Up to five players could win this year’s men’s French Open in the “widest open” Grand Slam since Rafael Nadal’s domination, according to Marion Bartoli.
With 14-time champion Nadal sitting out a chunk of the season ahead of an expected swansong next year, Spanish hopes at the French Open now rest on Carlos Alcaraz’s broad shoulders.
The 20-year-old claimed his first Grand Slam title at the US Open last summer but was forced to sit out the Australian Open through injury so will be entering a major as a slam champion for the first time.
He is also the top seed after surpassing Novak Djokovic following back-to-back titles in Barcelona and Madrid.
Can Alcaraz take Nadal’s crown?
Spanish tennis fans should not feel too sorry for themselves because the heir to Nadal’s place at the top of the sport is already here. Having only just turned 20, Carlos Alcaraz has already won his first grand-slam title at the US Open and this week reclaimed the world No 1 ranking. As confident on hard courts as clay, Alcaraz is an astounding athlete while his all-round game and calm temperament belong to a much more experienced player. There is a lot of hype but boy is it justified.
Projected men’s quarter-finals by seeding
(1) Carlos Alcaraz vs (5) Stefanos Tsitsipas
(3) Novak Djokovic vs (7) Andrey Rublev
(6) Holger Runev vs (4) Casper Ruud
(8) Jannik Sinner vs (2) Daniil Medvedev
“This is going to be the widest open Roland Garros we’re going to have since Nadal’s domination,” said Bartoli, speaking to Sky Sports.
“I have picked five names who could win this year and they are Djokovic, Alcaraz, Holger Rune, Medvedev and Stefanos Tsitsipas. I still feel like one of those players will be the winner but picking five names who could win the men’s tournament has never happened in the past in almost 20 years.
“It was always Rafa, Roger Federer or Djokovic.
“One of those guys has a huge shot to win Roland Garros which is very surprising.”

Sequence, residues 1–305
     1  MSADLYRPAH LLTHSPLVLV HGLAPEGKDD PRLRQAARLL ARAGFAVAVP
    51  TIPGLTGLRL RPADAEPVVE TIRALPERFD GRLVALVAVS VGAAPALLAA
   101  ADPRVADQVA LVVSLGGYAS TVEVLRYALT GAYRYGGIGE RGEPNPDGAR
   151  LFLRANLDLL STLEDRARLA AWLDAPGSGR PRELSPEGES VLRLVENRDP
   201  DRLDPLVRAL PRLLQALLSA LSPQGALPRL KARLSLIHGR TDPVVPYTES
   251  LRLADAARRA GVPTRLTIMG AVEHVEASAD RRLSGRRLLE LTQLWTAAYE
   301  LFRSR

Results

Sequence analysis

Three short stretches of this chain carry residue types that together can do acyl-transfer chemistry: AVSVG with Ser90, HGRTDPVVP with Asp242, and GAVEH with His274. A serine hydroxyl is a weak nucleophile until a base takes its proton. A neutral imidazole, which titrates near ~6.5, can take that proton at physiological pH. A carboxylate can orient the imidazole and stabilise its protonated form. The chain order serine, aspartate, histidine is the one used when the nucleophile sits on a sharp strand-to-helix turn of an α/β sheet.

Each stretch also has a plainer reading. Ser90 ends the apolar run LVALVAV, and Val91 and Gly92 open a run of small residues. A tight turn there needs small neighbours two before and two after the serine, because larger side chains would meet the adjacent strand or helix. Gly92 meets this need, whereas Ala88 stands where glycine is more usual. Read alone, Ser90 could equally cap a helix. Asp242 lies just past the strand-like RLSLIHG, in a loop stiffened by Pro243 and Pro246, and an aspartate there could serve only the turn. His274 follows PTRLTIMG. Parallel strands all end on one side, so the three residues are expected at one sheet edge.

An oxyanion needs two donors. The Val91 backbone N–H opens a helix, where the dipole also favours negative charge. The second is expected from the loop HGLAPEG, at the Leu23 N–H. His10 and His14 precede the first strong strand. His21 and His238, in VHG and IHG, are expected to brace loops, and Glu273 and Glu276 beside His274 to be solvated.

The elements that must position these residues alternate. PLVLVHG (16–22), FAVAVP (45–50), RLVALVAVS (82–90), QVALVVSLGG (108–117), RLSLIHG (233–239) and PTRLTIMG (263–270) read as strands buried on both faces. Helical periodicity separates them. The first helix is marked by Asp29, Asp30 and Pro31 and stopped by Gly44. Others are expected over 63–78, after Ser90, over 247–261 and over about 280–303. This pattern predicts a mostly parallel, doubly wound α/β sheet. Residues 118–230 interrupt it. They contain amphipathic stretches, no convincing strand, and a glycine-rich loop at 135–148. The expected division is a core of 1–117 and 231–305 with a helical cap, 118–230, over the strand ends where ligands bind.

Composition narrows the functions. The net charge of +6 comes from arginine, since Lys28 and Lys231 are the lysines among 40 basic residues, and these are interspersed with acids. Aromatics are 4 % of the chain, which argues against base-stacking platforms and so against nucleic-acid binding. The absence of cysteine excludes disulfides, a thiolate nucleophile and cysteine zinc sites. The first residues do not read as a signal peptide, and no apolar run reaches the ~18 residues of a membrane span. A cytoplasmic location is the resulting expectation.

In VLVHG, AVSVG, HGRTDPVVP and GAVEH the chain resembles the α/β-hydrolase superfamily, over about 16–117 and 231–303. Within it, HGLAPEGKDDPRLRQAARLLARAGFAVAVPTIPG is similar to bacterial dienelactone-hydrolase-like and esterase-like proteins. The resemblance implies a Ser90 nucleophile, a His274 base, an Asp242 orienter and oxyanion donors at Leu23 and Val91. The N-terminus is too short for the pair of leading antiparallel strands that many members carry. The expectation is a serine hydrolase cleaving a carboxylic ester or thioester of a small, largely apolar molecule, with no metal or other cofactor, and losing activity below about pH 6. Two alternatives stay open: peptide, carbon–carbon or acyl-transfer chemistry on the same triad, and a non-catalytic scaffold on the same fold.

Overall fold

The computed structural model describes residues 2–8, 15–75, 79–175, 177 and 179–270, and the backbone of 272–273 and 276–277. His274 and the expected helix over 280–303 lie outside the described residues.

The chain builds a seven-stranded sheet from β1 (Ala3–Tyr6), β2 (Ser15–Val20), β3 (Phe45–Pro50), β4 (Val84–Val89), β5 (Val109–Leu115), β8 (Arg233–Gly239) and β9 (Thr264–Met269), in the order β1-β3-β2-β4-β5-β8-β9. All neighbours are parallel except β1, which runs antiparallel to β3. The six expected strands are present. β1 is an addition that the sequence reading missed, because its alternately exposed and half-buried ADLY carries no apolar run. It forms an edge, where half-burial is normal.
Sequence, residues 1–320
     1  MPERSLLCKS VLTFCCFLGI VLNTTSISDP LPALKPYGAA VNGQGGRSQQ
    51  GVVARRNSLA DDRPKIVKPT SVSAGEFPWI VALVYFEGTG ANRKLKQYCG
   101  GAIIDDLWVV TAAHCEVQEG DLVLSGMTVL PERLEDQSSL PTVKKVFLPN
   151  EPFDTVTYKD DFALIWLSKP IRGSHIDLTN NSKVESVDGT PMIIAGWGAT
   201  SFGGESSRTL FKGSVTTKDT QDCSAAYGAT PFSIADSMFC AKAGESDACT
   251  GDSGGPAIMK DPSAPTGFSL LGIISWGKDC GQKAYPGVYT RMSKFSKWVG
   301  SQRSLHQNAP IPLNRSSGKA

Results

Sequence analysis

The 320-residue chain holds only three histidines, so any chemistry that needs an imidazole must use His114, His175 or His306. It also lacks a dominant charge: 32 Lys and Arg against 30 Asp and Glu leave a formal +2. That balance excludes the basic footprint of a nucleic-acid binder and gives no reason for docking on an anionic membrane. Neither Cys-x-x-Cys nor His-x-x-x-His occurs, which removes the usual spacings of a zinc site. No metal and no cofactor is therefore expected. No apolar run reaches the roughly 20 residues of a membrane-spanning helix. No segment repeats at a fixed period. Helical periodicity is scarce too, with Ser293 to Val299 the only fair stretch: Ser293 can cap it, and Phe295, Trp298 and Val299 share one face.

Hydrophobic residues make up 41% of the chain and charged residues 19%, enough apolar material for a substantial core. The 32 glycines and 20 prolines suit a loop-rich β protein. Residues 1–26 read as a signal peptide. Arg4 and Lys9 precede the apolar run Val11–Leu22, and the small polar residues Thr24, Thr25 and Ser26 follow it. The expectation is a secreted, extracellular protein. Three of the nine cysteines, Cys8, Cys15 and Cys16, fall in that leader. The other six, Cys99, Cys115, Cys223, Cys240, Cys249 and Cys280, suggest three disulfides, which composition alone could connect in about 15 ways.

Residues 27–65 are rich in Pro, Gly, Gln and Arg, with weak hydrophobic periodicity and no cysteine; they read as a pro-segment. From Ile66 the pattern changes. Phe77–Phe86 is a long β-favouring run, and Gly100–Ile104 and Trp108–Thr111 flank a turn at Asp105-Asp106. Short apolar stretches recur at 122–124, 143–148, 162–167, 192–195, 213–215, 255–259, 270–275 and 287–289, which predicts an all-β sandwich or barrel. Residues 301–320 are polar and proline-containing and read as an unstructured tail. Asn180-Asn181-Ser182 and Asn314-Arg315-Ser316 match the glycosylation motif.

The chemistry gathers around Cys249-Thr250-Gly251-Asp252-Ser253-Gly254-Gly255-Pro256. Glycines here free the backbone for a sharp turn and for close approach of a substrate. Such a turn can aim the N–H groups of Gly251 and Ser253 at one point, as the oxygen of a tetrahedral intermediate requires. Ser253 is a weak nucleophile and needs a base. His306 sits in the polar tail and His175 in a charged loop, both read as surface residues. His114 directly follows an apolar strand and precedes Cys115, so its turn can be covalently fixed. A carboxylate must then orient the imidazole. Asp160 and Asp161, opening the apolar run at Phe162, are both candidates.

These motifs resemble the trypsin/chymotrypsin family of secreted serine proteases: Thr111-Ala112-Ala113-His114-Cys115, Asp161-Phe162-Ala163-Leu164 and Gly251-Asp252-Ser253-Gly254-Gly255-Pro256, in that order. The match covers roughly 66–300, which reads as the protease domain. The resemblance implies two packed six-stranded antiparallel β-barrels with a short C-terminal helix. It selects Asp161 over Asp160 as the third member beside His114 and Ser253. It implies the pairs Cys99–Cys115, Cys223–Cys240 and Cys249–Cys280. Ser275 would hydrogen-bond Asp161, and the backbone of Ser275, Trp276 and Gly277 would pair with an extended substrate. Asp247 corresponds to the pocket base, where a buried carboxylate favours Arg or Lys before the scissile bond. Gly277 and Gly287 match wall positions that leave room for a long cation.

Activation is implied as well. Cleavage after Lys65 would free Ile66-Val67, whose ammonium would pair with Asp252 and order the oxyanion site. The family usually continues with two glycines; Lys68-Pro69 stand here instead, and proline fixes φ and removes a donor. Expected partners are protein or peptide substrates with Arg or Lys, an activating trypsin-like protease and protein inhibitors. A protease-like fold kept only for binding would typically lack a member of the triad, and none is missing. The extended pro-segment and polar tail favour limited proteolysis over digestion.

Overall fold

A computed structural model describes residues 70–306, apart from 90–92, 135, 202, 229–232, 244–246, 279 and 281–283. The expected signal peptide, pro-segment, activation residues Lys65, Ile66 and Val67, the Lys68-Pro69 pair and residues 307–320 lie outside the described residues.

Alcaraz could potentially meet Djokovic in the semi-finals, while his swift rise and instant popularity has been a gift to the sport as it faces losing all of its long-time figureheads.
“Alcaraz is one of the favourites but he’s not the overwhelming favourite. No, I don’t think so. There is not one player who stands out in the pack,” continued 2013 Wimbledon champion, Bartoli.
Djokovic is not 100 per cent so we will have to see how physically he deals with his small elbow injury and find some form as the tournament progresses.
Daniil Medvedev has overtaken Djokovic to claim the second seeding by virtue of winning his first tour title on clay at the Italian Open last weekend.
He lost in the first round on his first four appearances at Roland Garros before reaching the quarter-finals in 2021 and the fourth round last year.
“Rome came and out of the blue for Daniil Medvedev to win it under very, very slow conditions because it had been raining for two weeks in the Italian capital,” said Bartoli, who made the semi-finals of the 2011 French Open.
“He’s been able to grab the title and you may think he’s made for faster surfaces, he’s still able to win under slow clay-courts and go all the way to the title, beating Rune.
“You may think of players who you would normally not give a chance actually have a chance this year and that’s something new.
How fit is Djokovic?
Novak Djokovic has two French Open titles on his CV but how many more would there be had he not continually bumped into Nadal? This would appear to be a golden chance not just to win in Paris again but also to move past his great rival and become the first man ever to reach 23 Grand Slam singles titles. All has not been well with the Serbian since he won the Australian Open again, though, and he goes into the tournament with doubts over an elbow problem.
“Djokovic is not 100 per cent so we will have to see how physically he deals with his small elbow injury and find some form as the tournament progresses.”
Can Swiatek make it a hat-trick of titles?